This July night is cool...and quiet, too, except for the child size snoring of Gabe in the room across the hall. Gabe and Abbie are spending the night; Abbie has the big bed all to herself because Gabe prefers the rugged individualism of the thin foam mattress of the cot.
When Ben was a baby, he slept in the wooden playpen that had been mine when we visited my folks' house. It is a tribute to the peaceful flexibility of babies that he slept contentedly on that old hard thing. He graduated from the playpen to a cot in our room; my grandfather's wooden Army cot, still solid after all those years, smelling of the basement on which it had been stored for decades and faintly of the moth balls that preserved the ancient woolen Army blanket that acted as mattress. It was low to the ground and I do not recall him ever falling out of it.
When Grandma and Grandpa installed central air, the behemoth window unit traveled back up to Orland Park in the back of our Dodge Dart. In my mind it looms large as our refrigerator, but surely that's an exaggeration of my memory. My father installed it in the living room wall. We could have cool air, but not much and not too cool. All the doors on the house were to be closed so the cool air could be conserved and confined to the kitchen, dining room and living room. At night we opened the doors for circulation after the air conditioner was turned off.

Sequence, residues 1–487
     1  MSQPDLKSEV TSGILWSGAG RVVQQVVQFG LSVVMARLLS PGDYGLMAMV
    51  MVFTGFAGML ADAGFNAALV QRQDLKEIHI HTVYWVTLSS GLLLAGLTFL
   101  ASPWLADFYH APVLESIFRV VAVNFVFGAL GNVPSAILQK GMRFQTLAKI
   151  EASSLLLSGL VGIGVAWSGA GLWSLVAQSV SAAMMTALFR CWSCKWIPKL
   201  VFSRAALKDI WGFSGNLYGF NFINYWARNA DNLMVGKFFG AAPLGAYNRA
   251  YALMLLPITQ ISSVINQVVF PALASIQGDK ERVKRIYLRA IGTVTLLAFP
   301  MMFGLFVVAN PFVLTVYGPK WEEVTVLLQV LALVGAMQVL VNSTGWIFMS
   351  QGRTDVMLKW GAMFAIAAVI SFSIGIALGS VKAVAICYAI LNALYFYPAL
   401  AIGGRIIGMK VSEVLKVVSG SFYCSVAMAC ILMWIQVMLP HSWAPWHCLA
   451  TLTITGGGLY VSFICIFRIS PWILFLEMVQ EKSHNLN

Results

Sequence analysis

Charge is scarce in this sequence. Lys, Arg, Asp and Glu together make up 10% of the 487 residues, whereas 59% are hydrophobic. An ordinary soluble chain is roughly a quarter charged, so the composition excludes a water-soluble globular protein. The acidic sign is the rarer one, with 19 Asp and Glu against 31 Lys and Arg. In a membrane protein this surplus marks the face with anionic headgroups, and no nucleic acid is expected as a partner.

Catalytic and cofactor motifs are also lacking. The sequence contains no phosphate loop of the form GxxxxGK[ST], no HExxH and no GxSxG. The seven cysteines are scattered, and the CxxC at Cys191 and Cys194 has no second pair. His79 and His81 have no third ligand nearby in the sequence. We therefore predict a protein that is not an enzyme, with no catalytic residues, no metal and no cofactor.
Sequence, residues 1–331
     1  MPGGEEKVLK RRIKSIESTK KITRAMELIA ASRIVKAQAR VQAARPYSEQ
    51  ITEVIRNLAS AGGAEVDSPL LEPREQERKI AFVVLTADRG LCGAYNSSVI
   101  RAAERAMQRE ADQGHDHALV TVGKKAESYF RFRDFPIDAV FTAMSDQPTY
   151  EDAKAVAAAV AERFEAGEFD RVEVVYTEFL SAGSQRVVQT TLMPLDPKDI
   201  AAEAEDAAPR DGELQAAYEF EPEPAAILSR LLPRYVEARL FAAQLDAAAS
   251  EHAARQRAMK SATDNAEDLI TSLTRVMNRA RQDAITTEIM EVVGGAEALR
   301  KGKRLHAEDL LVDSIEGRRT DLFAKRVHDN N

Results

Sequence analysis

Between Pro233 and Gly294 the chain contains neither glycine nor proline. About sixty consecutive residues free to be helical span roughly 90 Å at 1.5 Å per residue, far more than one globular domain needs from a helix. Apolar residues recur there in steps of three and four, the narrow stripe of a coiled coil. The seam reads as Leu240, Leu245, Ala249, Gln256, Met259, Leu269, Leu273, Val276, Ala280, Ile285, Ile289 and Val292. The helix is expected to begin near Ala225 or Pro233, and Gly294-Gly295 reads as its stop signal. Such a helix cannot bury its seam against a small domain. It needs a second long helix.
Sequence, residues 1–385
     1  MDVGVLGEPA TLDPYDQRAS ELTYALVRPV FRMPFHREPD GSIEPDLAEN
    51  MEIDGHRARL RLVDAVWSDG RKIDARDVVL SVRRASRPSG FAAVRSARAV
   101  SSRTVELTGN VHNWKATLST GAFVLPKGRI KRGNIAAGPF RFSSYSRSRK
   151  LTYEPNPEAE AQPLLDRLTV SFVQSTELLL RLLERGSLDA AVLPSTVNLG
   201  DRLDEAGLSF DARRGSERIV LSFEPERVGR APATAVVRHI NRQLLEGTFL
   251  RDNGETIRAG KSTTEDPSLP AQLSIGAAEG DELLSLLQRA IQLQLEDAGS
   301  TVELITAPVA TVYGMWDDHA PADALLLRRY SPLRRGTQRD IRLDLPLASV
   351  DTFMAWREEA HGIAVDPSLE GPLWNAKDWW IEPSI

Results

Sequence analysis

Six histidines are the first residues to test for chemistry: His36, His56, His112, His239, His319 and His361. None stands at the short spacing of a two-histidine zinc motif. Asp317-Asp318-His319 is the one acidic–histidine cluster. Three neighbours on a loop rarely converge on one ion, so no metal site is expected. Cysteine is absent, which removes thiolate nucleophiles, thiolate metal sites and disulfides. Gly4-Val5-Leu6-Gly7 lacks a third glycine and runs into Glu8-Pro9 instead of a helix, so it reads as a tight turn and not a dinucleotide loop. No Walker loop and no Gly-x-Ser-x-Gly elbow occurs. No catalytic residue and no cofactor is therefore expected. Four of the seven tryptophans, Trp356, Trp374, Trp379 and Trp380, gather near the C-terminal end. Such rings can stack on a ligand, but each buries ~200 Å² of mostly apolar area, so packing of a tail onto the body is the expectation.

Our neighbors in Orland Park had a swimming pool. We could only see a corner of it through my mom's flower bed and our neighbor's shrubbery, but sound travelled just fine across the boundary lines and there was many a wistful and wasted glance in the direction of all the shrieking and splashing. Even though Orland Park flooded a flat lot for wintertime skating, there was no public pool in the town. Visits to Missouri meant pumping up inner tubes on a hot afternoon and walking down a mown path through the pasture to our biggest farm pond (christened Lake Ginger in honor of my mom). The water was bath warm from the sun for the first foot, but down below where our feet and the little fishies swam, it was calm and cool. These outings were marred only by efforts to exit the pond without becoming mired in the muck or squishing a dozen stricken frogs. Even better was summer vacation, no matter where we travelled because there was always the chance the motel we pulled into might have a POOL!
That's the coolest spot of all.